Montpelier, Vermont
At a Glance
  • State Population: 647,064
  • Local Health Departments: N/A
  • Frequent Public Health Emergencies: Utility Failure (during ice storms), Flooding, Tropical Storms/Hurricanes
  • Key Emergency Operations Center Activations: 2020: COVID-19 Pandemic
  • CDC PHEP Funding:
    FY 2022: $5,210,000
    FY 2021: $5,210,000
    FY 2020: $5,169,900
  • Public Health Crisis Response Funding
    Mpox 2023 funding: $178,665
    COVID-19 2021 funding: $4,649,471
    COVID-19 2020 funding: $4,902,840
PHEP-Funded Staff
  • Epidemiologists: 1
  • Laboratorians: 7
  • Nurses: 1
  • Planners: 3
  • Other: 16*

*Includes IT specialists, administrative staff, statisticians, and other positions

CDC Preparedness Field Staff

1 Preparedness Field Assignee

Top 5 Preparedness Investments
  1. Public Health Laboratory Testing
  2. Community Preparedness
  3. Emergency Operations Coordination
  4. Volunteer Management
  5. Information Sharing
Stories from the Field
PHEP Funding Helps Vermont Address COVID-19 Staffing Issues

In 2020, Lauren Ho, a PHEP-funded preparedness field assignee in Vermont, helped the state health department address COVID-19-related staffing issues, including burnout. Ho and her team analyzed the overtime hours of 246 full-time response staff over two pay periods. Employees worked an average of 14 hours of overtime the first pay period and 10 the second pay period. The team shared its findings with supervisors to improve processes and limit overtime.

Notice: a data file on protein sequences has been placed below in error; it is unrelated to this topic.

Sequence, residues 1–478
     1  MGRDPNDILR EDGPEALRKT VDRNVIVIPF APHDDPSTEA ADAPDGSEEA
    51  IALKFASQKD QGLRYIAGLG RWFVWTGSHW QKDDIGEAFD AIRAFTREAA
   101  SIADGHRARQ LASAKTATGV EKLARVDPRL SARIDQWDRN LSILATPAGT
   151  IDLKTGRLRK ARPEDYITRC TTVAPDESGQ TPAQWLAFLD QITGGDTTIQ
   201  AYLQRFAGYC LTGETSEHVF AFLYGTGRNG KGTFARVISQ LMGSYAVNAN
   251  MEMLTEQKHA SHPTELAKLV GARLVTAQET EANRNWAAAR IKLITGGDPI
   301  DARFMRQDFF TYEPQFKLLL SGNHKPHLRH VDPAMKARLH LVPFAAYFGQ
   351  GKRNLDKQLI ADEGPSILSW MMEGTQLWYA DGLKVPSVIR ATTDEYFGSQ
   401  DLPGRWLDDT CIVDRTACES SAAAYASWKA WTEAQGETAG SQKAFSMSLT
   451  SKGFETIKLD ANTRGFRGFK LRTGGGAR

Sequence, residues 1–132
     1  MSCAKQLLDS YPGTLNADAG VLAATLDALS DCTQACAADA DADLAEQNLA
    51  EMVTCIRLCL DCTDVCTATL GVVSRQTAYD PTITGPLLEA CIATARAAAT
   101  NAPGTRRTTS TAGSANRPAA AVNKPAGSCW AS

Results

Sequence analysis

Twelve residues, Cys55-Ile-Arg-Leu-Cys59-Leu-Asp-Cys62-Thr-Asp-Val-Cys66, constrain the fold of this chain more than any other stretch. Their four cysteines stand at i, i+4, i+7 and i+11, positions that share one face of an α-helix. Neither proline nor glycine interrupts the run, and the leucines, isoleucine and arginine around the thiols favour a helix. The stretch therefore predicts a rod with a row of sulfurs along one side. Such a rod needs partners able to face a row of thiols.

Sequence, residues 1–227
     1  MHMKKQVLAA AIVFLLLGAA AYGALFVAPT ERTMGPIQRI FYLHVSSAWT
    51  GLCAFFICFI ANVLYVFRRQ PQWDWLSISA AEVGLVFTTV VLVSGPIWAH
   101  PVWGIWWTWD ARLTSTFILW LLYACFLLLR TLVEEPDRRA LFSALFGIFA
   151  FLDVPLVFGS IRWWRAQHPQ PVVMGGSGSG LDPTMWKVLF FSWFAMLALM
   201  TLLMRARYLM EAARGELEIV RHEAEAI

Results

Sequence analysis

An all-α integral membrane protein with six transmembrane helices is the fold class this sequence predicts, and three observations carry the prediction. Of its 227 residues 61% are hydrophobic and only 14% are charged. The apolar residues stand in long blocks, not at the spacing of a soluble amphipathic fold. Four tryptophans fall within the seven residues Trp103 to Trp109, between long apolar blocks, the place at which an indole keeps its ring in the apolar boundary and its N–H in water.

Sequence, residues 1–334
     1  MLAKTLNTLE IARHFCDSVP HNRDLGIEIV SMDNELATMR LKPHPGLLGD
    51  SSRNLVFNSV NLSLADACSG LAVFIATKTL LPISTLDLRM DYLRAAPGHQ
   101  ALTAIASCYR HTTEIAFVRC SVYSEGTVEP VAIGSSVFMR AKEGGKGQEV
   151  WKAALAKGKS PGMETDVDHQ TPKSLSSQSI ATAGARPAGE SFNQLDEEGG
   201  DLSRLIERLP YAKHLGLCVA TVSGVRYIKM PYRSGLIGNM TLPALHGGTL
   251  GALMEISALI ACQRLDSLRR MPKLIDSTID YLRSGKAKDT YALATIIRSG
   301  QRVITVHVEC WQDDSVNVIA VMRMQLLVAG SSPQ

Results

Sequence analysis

In addition, the team worked with response safety officers to conduct a survey and improve protocols for monitoring staff burnout. The team worked with the state Equal Employment Opportunity Commission, the state human services agency, and community partners to offer support sessions attended by approximately 150 response staff.

PHEP-Supported Field Staff Improve Access to Medications and Supplies for Vulnerable Groups in Emergencies

In Vermont, PHEP-supported field staff have improved access to medications and supplies during emergencies, especially for residents at greater risk because they don’t speak English well. These staff led an exercise testing a telephonic interpreter service that would help responders dispense necessary supplies quickly to individuals who may not be able to communicate their needs in English. Lessons learned from this exercise were used to train local emergency preparedness staff on how to communicate life-saving information in a public health emergency to residents with limited English capacity.

Vermont Water Contamination
Protecting Residents after Contamination of Water Supply

In 2016, private drinking wells in Bennington, Vermont were contaminated with high levels of PFOA, a chemical used in producing Teflon. The chemical is associated with hypertension, thyroid disease, and cancer. Using the PHEP-funded Health Alert Network, the health department alerted area hospitals and physicians about the situation and provided blood testing to nearly 500 residents. The state also provided information about the contaminant to residents so they could protect themselves and seek testing and treatment if needed. These activities, coordinated through a PHEP-established incident command structure, helped the health department determine the contamination’s impact and prevent illness.